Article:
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Rating: ***

It’s easy to like Edgar Wright even before watching his films. The British director’s style is fast and hip, with visual references to impress the most sceptical cinephile, and all paced to a soundtrack edited perfectly to the screen. It’s like The Kinks made “Starstruck” just for him.

On paper, Wright’s films hit all the right buttons – original movies that wear its reference on their sleeve, with inventive visuals and curious premises. The best of them (Hot Fuzz and Scott Pilgrim vs the World) scan the toxicity of grown adult men who still live in the idealised world of their youth, and the worst of them (Baby Driver) are shallow entertainment that reference works vastly more interesting. On paper, they’re honey for cinephiles, the perfect product from a generation that grew up with Spielberg and the geekification of pop culture, from comic books, videogames, MTV, Tarantino and television—made entirely aware of itself, in a meta-commentary that intentionally shines a spotlight on its audience.

But this is all on paper. I’m struggling to convey how much I liked Last Night in Soho: if at all.

The story follows Ellie (Thomasin Mckenzie), a young student accepted to the fashion designer course at the renowned London College of Fashion. Ellie romanticises London, especially the swinging sixties. We meet her dancing to her old records, pretending to be Audrey Hepburn, saying things like “if I could live anywhere at all it would be London, in the 60s”. She’s like a modern Emma Bovary, obsessed about an idea of something. Of course, London doesn’t turn out to be like Ellie hoped for – men don’t make her feel safe, she’s bullied by her roommate Jocasta (Synnøve Karlsen), and the city isn’t at all like the dream place of her imagination. “London can be a lot”, someone tells her at some point.

In an effort for peace, Ellie moves to a room in Goodge Street owned by one Ms Collins (a tremendous Diana Rigg, to whom the film is dedicated, in her last role). At night, while listening to her records again, as the flashing red and blue neon of restaurant flashes on her face, Ellie is magically transported to 1965 as a young up-and-coming singer called Sandie (Anya Taylor-Joy). Ellie starts living vicariously through these dreams—rejecting plans every night, just so she can go home and return to the glamorous world of Sandie, who woos men with her purring rendition of Petula Clark’s “Downtown”, especially her manager Jack (Matt Smith).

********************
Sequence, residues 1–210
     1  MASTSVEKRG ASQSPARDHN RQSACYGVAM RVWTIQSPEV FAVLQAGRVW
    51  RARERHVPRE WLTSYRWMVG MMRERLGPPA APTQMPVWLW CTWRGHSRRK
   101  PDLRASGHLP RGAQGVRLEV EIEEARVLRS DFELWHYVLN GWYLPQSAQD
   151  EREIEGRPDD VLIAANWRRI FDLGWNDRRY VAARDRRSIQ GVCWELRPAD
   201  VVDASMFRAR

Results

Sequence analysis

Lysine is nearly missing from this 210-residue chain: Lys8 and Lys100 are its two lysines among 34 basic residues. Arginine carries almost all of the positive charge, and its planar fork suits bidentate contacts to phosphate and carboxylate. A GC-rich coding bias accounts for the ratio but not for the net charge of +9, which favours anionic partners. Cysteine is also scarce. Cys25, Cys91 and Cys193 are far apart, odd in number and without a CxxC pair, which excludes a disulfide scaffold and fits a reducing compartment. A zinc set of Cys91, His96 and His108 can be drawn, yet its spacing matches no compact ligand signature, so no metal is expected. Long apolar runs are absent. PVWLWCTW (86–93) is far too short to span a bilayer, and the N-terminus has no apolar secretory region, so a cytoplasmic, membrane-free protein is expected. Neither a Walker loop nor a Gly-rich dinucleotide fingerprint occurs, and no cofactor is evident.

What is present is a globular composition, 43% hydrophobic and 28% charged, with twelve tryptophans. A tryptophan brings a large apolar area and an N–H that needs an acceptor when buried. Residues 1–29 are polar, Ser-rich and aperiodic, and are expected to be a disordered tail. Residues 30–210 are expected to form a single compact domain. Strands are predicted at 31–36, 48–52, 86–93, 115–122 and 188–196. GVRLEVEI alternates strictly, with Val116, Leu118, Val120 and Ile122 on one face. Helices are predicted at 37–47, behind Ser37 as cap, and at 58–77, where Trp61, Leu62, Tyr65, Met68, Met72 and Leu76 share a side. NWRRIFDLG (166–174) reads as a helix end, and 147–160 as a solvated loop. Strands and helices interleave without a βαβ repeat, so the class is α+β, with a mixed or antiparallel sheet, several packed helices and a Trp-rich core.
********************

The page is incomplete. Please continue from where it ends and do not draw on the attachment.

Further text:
The reality isn’t as black and white, though. Little by little, Sandie (and Ellie) see the rotten core of London’s society in the 60s, mainly how it affects young women. The realisation starts to break down Ellie, who suddenly starts seeing the ghosts of her dreams haunting her in real life, leading to a brutal moment where she witnesses a murder that may have happened decades earlier. It’s from this point that your enjoyment of Last Night in Soho is conditioned by how well you go along with Wright’s intentions.

It’s easy to see what Wright took from Dario Argento’s filmography – Ellie’s story mirrors Jessica Harper’s in  Suspiria - but there’s more to take from Brian De Palma than anyone else. From the characterisation, the over-the-top artificialness of the visuals, I was getting Sisters and Dressed to Kill even before using De Palma’s signature split diopter shot (where sharp and out of focus shots are blended to keep to characters in focus). The ending is as chaotic and grandiose as  Carrie; the protagonist an uncorrupted female archetype battling to keep her purity against the cruelty of the underworld. For all it’s worth, Wright knows how to use these visual clues with grand mastery. I’m just not sure if he understands its time and place.

While there is a lot to enjoy, it leaves the feeling Wright is biting off more than he can chew. When Luca Guadagnino remade Suspiria in 2018, he did it by reframing in an entirely new light that owed little but the premise to its original. Wright falls for the same trap he created for Ellie – he indulges so much in his nostalgia he fails to repurpose it to the contemporary. The third act, which is when Wright could’ve swept the rug from under all our feet, is when he doubles down on its shortcomings. He lets Rigg deservedly become the star of the show – herself a sex symbol from the era, she’s an inspired casting – but fails to add any depth to the concept.